Background: The Distinguished Flying Medal (DFM) was created on 3 June 1918, along with the Distinguished Flying Cross, as the equivalent third level award to Other Ranks of the RAF for “an act or acts of valour, courage or devotion to duty whilst flying in active operations against the enemy.” Due to its late introduction, only 104 Distinguished Flying Medals were awarded during WW1 with one second award. A further 79 awards of the DFM were made between the wars. In WW2 a total of 6,637 DFMs were awarded, with 60 second award bars. At least 170 Honorary DFM’s and 2 Honorary Bars have been awarded to aircrew from other non-Commonwealth countries. The DFM was discontinued in 1993 and from that date, the Distinguished Flying Cross can be awarded to personnel of all ranks.

Design: The silver medal is different in that it is oval in shape being 35 mm wide and 41 mm long. The obverse shows a bareheaded effigy of the reigning sovereign. The reverse shown here shows a representation of Athena Nike seated on an aeroplane, a hawk rising from her right arm above the words ‘FOR COURAGE’, all contained within a laurel wreath. A bomb is attached to the clasp and ribbon by two wings. The ribbon is 32 mm wide and consists of alternate violet and white diagonal stripes leaning 45 degrees to the left. A violet stripe is to appear in the bottom left and upper right corners when viewed on the wearer’s chest. Until 1919, the stripes were horizontal.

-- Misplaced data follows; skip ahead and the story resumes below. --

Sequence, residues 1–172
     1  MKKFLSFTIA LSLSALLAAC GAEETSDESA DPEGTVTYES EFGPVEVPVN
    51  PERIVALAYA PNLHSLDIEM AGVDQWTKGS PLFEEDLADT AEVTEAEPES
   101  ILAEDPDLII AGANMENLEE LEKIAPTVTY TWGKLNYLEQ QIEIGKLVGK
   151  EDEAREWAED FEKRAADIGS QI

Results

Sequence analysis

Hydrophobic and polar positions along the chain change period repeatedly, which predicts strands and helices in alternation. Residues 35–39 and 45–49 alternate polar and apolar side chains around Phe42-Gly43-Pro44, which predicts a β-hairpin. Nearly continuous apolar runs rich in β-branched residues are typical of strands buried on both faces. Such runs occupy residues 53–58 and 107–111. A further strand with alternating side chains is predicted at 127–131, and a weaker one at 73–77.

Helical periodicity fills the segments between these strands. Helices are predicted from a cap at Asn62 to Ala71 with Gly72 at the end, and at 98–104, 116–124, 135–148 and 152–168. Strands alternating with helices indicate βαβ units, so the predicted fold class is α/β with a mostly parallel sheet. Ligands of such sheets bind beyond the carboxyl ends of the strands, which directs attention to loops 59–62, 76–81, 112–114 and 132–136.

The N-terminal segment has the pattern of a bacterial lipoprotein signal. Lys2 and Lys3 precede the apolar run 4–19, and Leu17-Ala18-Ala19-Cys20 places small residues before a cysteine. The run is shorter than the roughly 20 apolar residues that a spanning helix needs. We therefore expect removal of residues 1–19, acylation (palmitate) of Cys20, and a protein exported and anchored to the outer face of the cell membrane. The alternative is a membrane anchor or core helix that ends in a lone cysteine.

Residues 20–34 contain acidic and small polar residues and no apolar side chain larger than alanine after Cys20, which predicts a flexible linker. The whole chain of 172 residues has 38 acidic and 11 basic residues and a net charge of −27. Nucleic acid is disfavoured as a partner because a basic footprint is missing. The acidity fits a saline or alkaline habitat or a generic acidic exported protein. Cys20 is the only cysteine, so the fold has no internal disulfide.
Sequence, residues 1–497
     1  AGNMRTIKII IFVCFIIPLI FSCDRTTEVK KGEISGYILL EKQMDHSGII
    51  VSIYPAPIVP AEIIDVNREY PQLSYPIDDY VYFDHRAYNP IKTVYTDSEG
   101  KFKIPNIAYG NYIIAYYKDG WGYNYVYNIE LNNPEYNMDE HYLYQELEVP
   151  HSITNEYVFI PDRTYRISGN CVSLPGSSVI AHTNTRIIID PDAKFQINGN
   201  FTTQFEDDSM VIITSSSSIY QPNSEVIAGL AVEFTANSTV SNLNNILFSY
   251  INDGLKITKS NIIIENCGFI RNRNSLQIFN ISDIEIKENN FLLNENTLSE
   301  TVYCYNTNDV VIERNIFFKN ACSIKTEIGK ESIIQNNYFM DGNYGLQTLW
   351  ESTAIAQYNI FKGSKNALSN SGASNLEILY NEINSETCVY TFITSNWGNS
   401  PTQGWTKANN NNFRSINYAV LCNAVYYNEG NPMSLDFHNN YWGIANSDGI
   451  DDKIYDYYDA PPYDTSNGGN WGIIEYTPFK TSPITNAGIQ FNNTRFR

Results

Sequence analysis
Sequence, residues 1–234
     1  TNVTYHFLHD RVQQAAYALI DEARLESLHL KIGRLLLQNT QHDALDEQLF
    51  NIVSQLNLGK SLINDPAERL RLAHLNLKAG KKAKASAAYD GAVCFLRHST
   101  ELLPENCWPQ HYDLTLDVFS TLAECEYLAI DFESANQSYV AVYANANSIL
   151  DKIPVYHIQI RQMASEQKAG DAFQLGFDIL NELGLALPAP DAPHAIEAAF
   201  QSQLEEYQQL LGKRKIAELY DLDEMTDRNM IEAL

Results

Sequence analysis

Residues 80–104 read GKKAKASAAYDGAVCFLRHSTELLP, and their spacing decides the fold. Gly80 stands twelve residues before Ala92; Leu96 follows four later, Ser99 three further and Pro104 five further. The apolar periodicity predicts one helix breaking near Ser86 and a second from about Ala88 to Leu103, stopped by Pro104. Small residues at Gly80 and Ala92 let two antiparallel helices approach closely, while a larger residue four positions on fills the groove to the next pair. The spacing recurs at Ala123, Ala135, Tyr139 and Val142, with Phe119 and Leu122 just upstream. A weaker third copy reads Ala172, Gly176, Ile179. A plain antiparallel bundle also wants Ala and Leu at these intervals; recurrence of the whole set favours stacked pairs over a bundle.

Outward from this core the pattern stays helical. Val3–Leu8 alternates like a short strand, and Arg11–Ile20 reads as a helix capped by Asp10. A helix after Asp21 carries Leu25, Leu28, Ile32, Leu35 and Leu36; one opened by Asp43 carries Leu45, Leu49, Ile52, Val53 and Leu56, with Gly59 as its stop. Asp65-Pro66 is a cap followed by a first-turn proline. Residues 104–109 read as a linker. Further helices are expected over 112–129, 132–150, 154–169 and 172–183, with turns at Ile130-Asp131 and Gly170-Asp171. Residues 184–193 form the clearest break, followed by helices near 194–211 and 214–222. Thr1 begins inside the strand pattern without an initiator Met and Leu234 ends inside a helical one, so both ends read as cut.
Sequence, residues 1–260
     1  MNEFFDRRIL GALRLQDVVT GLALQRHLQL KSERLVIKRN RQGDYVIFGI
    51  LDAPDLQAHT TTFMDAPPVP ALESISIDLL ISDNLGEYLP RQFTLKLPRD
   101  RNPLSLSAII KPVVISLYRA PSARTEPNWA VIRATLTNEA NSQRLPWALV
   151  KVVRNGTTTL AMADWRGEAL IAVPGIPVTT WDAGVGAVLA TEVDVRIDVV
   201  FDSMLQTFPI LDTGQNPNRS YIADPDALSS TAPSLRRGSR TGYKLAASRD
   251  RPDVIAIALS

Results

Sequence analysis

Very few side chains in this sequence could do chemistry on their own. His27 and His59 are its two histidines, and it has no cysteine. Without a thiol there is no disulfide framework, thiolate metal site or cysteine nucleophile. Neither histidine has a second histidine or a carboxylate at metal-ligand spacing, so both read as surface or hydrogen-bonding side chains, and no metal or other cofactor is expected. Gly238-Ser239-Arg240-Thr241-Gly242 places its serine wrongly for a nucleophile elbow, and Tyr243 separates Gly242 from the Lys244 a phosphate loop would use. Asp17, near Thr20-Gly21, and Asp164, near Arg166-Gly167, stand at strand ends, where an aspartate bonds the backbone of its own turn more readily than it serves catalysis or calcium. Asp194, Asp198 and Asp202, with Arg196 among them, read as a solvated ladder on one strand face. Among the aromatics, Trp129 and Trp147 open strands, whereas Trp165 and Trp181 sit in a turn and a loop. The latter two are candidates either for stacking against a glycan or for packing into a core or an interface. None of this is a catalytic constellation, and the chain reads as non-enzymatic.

Bars: Further awards of the DFM are signified by a straight slip-on silver bar with an eagle in the centre worn on the ribbon. When the ribbon only is worn, a silver rosette is worn centrally on the ribbon.